Male Deception in Short-Term Mating as a Function of Personality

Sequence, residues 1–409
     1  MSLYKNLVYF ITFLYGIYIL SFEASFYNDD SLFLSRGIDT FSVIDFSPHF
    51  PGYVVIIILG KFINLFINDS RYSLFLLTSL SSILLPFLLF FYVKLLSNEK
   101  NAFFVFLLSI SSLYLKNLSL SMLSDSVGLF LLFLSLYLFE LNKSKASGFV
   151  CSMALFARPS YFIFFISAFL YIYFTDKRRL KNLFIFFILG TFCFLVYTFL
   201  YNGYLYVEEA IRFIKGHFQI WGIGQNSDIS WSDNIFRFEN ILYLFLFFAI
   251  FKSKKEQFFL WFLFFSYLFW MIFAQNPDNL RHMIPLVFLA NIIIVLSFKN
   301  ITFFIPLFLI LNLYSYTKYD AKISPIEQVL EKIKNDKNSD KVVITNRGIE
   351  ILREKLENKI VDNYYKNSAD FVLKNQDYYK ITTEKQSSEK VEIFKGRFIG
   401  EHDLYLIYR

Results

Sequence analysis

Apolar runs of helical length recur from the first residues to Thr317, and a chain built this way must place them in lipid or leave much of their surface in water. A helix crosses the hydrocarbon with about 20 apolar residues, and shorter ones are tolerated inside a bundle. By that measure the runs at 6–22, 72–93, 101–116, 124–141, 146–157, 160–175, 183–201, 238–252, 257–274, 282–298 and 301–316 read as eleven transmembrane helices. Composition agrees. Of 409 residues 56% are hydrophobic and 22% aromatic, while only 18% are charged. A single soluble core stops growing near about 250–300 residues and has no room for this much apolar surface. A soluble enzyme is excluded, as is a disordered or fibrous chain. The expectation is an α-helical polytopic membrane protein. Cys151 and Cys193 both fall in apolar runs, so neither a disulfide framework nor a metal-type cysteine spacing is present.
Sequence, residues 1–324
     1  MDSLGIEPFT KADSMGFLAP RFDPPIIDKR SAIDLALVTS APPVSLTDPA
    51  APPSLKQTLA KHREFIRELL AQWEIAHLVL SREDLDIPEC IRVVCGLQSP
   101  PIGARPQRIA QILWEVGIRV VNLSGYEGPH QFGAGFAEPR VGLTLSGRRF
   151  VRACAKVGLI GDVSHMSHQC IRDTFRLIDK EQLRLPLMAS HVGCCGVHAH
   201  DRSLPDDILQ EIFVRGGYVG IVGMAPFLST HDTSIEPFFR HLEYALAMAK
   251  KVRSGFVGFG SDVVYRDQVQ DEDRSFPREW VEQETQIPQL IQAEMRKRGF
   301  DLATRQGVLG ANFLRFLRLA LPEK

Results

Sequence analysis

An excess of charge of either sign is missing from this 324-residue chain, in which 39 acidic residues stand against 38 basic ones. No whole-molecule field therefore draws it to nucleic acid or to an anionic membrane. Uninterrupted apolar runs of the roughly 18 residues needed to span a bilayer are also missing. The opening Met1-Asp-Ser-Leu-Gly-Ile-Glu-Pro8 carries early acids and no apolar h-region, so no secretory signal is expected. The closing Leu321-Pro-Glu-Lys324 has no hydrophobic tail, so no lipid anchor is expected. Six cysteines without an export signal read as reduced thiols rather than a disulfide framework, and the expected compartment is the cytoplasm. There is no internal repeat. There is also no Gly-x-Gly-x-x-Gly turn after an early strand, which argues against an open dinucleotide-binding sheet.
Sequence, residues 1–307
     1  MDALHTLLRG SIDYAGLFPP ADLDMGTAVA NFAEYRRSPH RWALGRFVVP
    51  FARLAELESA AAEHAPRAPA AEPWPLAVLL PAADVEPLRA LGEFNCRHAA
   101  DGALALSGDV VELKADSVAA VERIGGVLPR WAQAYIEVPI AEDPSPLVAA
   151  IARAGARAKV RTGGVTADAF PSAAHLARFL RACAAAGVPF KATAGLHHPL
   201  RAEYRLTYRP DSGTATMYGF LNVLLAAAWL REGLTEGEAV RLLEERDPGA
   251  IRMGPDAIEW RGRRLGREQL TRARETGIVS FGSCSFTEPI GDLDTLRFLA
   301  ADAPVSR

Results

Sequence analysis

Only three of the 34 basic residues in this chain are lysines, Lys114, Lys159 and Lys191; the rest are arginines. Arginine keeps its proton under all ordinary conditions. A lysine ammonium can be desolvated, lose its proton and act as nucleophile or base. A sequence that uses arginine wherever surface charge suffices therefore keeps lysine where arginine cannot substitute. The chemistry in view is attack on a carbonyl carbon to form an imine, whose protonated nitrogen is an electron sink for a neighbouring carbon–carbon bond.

Deception is one solution which evolved to solve the adaptive problem of obtaining a mate. This study investigated the nature of deception used by males in short-term mating and whether use of this strategy was related to the Five Factor Model. Participants (N = 104) completed questionnaires assessing intersexual and intrasexual deceptive acts, a personality adjective checklist, mating effort and mate value. Consistent with previous findings, males deceived in ways that corresponded with female mate selection criteria and to raise their dominance and competition among males. We predicted that an increase in deception for characteristics typical of a short-term strategy, i.e. extraverted males, high in mating effort and mate value. Two dimensions were found in the nature of deception used in mating; external appearance management and internal appearance management. Significant individual differences that moderated the use of deception were extraversion and openness. Low extraversion, high mating effort and extraverted males with increased perceived mate value predicted greater use of external appearance management. Internal appearance management was predicted by high extraversion and those low in openness scoring highly in mate value. Increased mating effort also predicted more internal appearance management for males low in openness and high in extraversion. These results are consistent with a deceptive personality and that of a male likely to pursue a short-term strategy, supporting the use of deception in short-term mating. Overall, this study contributes to research which investigates personality psychology from an evolutionary perspective and supports the role that individual differences in personality play in evolution.